The program, the article acknowledges, is "based on Christian principles." It also acknowledges that no participants are forced to convert to Christianity. Nevertheless, even for those who don't, those principles are helping to change attitudes, behaviors, and lives.
State researchers followed more than 730 former inmates released between 2003 and 2009 and found that those who were part of the program reduced their risks of returning by as much as 40 percent.
State officials are hailing the program as a cost-effective success. They say it is a good deal because the state provides the space and the program pays everything else.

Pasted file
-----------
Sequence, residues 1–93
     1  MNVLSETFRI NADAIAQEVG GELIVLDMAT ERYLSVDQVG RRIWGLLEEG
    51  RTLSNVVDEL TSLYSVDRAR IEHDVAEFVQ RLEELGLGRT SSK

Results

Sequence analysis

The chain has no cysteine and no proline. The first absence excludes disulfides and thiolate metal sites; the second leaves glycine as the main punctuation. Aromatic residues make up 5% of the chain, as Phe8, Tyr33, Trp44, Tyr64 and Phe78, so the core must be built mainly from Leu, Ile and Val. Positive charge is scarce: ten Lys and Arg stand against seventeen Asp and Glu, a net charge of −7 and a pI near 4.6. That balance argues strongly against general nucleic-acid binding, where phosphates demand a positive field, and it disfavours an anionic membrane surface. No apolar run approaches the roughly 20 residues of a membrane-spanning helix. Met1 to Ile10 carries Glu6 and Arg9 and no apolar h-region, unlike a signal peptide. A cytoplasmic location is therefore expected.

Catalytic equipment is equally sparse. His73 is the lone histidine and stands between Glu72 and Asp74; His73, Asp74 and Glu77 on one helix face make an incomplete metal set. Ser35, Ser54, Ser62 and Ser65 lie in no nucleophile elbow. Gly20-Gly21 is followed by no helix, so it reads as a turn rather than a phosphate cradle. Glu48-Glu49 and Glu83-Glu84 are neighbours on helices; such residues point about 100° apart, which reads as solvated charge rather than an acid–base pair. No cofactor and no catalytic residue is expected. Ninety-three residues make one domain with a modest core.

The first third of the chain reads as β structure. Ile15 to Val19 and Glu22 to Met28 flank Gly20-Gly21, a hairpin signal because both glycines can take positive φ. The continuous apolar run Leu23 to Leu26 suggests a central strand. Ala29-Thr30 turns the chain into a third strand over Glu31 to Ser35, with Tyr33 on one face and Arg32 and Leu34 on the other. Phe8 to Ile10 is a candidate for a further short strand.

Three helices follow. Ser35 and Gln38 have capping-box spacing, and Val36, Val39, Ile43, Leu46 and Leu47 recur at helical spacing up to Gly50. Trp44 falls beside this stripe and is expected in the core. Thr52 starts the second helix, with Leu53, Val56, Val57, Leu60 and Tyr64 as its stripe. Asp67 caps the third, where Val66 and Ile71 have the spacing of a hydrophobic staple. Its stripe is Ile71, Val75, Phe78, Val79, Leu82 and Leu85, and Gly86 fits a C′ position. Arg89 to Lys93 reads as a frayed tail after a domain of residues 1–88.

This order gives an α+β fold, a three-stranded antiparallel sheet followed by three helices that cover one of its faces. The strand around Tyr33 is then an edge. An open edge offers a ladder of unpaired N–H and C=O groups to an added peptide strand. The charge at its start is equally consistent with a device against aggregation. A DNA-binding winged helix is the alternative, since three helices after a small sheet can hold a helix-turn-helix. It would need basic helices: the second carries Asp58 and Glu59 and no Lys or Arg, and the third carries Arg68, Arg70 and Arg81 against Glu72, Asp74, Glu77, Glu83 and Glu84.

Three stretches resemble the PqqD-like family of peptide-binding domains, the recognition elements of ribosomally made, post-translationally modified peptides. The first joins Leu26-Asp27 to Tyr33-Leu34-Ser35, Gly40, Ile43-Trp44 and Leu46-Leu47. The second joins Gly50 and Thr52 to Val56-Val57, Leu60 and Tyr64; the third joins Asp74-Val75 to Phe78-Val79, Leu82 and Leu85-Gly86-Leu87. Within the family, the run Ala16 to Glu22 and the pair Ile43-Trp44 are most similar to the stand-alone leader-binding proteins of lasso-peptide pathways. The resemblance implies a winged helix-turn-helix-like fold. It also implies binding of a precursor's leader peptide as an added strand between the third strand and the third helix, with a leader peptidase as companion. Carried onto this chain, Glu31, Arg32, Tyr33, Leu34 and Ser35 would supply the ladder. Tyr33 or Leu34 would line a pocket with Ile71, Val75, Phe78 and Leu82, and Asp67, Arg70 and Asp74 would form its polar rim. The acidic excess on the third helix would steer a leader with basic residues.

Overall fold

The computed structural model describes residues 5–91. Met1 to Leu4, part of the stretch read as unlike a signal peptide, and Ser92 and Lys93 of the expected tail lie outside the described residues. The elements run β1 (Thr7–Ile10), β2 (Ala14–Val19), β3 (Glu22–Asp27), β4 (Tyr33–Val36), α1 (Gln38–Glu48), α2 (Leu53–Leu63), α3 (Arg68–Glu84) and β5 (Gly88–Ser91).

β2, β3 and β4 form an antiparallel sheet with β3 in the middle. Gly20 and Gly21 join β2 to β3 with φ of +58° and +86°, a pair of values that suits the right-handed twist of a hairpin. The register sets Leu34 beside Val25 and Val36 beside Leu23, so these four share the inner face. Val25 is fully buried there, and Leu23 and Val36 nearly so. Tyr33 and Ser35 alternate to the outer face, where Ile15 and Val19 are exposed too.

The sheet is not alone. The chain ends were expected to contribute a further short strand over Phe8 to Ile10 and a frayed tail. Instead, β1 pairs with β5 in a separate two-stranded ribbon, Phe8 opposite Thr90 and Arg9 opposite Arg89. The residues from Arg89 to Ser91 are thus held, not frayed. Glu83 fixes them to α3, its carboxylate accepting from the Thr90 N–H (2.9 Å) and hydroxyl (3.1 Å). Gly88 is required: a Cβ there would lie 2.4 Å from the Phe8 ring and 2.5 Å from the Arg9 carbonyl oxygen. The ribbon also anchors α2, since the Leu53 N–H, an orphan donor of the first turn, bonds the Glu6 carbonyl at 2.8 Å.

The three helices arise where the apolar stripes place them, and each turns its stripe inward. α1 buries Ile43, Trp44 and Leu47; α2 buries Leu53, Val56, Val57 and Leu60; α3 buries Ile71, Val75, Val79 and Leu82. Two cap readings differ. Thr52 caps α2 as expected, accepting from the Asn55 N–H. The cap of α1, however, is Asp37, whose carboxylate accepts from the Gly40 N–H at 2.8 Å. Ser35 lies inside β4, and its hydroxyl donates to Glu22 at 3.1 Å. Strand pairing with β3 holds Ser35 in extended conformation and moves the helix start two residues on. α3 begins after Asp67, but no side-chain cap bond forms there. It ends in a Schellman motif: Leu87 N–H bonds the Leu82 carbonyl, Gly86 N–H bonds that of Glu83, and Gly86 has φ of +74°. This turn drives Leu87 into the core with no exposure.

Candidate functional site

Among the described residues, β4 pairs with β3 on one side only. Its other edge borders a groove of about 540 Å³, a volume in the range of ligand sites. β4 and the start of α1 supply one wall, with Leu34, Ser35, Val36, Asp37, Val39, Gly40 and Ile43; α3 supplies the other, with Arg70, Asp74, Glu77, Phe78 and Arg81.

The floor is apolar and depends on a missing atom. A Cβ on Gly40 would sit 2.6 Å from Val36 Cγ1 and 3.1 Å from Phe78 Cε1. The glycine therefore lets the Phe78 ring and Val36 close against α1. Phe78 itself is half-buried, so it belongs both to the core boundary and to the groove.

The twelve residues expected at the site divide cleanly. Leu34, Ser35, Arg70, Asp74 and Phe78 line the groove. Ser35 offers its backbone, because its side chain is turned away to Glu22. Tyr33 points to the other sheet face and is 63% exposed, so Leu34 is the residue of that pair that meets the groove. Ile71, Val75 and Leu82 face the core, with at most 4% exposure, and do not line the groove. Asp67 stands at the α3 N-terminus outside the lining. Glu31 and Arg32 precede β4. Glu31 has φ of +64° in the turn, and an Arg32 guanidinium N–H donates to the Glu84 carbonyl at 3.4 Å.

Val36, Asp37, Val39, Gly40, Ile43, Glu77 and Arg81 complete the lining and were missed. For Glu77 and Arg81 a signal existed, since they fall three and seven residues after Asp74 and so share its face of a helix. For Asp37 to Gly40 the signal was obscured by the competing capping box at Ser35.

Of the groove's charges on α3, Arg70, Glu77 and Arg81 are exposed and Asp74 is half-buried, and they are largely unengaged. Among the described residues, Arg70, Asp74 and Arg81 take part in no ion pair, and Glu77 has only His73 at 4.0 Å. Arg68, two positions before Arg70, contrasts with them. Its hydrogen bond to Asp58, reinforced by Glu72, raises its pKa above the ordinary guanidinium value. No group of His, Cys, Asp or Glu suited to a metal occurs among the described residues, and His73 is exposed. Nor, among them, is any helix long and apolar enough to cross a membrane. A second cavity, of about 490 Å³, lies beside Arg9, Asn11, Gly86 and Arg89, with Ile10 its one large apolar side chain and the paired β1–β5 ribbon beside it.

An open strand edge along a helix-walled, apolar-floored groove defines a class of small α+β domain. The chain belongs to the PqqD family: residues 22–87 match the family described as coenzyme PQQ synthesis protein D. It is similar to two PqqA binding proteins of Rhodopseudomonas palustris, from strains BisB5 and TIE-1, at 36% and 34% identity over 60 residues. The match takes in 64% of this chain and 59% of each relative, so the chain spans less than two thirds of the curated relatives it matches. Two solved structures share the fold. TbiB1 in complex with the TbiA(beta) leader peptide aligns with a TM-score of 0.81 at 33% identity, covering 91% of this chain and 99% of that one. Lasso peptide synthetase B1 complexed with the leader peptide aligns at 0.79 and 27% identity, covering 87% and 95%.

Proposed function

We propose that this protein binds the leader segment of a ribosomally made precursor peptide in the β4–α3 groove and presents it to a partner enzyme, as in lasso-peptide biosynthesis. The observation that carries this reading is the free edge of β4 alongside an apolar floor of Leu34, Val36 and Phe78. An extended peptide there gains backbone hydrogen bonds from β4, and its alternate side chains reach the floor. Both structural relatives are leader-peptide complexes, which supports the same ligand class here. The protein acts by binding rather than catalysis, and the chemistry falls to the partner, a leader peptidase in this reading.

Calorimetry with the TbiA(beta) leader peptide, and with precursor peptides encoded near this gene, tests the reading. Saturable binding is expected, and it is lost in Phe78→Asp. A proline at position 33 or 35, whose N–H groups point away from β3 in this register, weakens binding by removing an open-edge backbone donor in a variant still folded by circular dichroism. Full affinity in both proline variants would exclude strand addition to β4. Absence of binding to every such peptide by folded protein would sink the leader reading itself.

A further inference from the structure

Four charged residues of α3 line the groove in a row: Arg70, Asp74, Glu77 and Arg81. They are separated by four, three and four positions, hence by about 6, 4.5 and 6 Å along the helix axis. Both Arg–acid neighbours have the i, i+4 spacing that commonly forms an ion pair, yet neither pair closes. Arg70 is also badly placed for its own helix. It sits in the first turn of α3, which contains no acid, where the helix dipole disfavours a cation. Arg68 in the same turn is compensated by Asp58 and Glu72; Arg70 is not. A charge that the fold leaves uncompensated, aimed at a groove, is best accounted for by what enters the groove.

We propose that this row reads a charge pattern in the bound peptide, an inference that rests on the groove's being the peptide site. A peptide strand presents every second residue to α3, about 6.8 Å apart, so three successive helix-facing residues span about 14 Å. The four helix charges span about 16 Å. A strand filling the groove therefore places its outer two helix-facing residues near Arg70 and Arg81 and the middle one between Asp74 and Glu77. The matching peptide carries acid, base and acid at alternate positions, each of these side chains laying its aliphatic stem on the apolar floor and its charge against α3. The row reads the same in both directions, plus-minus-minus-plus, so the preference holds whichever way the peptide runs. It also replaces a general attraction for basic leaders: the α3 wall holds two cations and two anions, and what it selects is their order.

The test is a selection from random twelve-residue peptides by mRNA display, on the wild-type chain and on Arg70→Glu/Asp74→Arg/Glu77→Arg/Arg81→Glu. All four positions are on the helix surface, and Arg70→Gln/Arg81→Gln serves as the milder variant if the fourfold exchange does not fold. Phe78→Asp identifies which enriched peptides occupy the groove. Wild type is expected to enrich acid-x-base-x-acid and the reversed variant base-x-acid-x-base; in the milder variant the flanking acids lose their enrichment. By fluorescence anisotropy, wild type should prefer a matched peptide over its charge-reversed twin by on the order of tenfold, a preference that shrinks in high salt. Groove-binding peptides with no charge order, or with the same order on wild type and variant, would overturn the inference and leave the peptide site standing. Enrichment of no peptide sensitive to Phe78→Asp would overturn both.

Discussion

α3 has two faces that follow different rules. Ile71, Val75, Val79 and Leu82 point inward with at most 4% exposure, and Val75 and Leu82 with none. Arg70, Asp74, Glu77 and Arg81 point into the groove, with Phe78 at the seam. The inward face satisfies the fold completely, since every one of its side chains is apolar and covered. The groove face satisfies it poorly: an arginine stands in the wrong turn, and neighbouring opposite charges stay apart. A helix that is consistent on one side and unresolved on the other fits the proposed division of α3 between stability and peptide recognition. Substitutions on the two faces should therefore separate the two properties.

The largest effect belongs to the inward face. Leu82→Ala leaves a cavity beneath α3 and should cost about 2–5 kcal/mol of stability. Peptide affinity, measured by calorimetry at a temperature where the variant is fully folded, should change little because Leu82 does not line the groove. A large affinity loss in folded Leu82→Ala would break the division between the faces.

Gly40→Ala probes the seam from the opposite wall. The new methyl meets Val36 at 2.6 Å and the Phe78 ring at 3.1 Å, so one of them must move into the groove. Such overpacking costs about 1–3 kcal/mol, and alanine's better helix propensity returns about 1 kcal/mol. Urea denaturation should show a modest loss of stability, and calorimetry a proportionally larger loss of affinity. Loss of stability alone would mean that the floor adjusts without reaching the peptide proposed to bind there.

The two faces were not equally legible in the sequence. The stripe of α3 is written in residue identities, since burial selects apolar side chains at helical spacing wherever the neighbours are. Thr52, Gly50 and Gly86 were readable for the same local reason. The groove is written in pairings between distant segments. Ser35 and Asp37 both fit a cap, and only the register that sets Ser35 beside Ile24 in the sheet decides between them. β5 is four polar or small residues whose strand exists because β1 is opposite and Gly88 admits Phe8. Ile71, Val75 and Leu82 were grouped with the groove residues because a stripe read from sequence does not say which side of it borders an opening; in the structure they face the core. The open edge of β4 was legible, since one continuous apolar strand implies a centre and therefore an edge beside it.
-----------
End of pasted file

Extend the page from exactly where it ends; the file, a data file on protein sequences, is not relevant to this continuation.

"There is no cost to the taxpayers of the state of Minnesota," said David Crist, deputy commissioner of the Minnesota Department of Corrections. "Yet it does reduce recidivism. And when offenders are not out there committing new crimes, the public is more safety. That's a very practical reason for working with IFI."